Arctic Time

By Frank Keim

Cathy

Old days drift slowly into new days

and the white eye of the Arctic sun rolls

bright across the night,

as we trek

south

up the Hulahula River,

named more than a century ago

by Hawaiian whalers stranded

on an ocean cold and frozen

before its time.

 

We stop at vestiges

of ancient Eskimo camps

where the only traces are

oil lamps made of pecked stone

and circles of rocks

where skin tents once perched.

We climb over tall rocky passes seen by few

in this harsh land

where musk oxen and caribou wander free

from man’s confining designs,

and so do we.

There’s no time in this wild place,

only the wind turning willow leaves white,

and water bouncing and

curling over primordial rocks

that gravity pulls

inexorably seaward

down

the rivers,

helping carve the steep valley we’re in now.

A Gyrfalcon cruises alone

above rough limestone crags,

searching for unwary parky squirrels

that chatter 

at our uninvited presence.

Wild sheep speckle sharp-angled slopes,  

staying high with their capering lambs,

ready to flee the prowling hunger

of loping wolves

and the hairy hulk of grizzlies

ever watchful for an easy meal.

The verge of snow ridges and cirques

severs the earth

from the blue midnight sky

where the sun dances across the horizon,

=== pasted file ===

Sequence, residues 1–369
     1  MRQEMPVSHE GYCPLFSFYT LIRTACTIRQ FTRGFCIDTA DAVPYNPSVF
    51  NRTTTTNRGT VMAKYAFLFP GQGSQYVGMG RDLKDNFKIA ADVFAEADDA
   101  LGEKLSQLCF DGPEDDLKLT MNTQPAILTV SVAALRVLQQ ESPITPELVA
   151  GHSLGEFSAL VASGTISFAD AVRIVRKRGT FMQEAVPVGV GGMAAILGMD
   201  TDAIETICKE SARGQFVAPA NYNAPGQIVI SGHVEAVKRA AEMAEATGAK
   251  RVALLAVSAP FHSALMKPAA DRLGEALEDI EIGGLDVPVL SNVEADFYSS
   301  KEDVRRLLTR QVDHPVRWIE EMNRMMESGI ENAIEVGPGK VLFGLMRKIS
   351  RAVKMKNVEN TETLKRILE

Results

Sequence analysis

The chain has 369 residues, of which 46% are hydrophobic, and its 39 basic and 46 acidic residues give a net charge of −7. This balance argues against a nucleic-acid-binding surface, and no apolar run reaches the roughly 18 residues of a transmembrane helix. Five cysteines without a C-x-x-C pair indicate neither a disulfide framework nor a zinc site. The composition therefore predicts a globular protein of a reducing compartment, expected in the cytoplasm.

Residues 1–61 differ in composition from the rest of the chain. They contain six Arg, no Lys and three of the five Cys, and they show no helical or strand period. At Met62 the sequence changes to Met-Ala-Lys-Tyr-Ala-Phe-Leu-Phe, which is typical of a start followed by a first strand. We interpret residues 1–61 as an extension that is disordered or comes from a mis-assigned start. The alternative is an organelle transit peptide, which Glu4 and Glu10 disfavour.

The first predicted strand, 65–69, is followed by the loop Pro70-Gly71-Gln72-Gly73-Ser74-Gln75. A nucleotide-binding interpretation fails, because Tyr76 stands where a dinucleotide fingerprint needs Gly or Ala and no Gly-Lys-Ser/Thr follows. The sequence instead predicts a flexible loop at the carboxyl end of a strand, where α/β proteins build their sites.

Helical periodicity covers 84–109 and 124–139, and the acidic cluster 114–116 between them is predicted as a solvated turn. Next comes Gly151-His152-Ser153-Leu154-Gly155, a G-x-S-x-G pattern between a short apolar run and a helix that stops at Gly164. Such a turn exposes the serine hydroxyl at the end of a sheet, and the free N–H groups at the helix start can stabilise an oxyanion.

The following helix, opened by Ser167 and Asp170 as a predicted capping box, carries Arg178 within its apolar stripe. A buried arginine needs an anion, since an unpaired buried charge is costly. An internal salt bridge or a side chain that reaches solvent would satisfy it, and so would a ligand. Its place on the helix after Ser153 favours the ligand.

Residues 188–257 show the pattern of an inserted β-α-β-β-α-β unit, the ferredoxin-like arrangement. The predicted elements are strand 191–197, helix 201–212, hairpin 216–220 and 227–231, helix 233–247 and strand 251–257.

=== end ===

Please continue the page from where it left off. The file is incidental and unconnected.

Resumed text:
flicking light from the flowers of avens

tilting yellow and white in the blowing breeze

in this high Arctic valley of our refuge.

Time has no meaning here as it slides into itself,

moment into moment,

day into sunlit night,

into misty mornings

and scintillant afternoons

that fly endlessly

like the birds that fill them with endless life

for us here

on the Hulahula.

                                                           

Hulahula River

Arctic National Wildlife Refuge


 

Arctic National Wildlife Refuge


Frank is an educator, nature writer and environmental activist. He worked for two years as a Peace Corps Volunteer in Bolivia, as an anthropologist in Ecuador for four years, and as a secondary school teacher of Yup’ik Eskimos in Alaska’s Lower Yukon Delta for 21 years. He has published three poetry books,
Voices on the Wind (2011), Today I Caught Your Spirit (2014), and Trails Taken…so many still to take… (2018). In 2012 he published White Water Blue, Paddling and Trekking Alaska’s Wild Rivers and in 2020 he published Down Alaska's Wild Rivers. He lives north of Fairbanks, Alaska.

 

 

Editor's notes:

“Wilderness Experienced” is our shared stories and musings about recent experiences in our nation's Wildernesses. Stories focus on the virtues of Wilderness and/or challenges facing the National Wilderness Preservation System. We want to hear your story! Learn more and submit a story.

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Comments 61

Guest - Peterson Karen on Tuesday, 02 February 2021 18:46

So uplifting in this difficult time! Thanks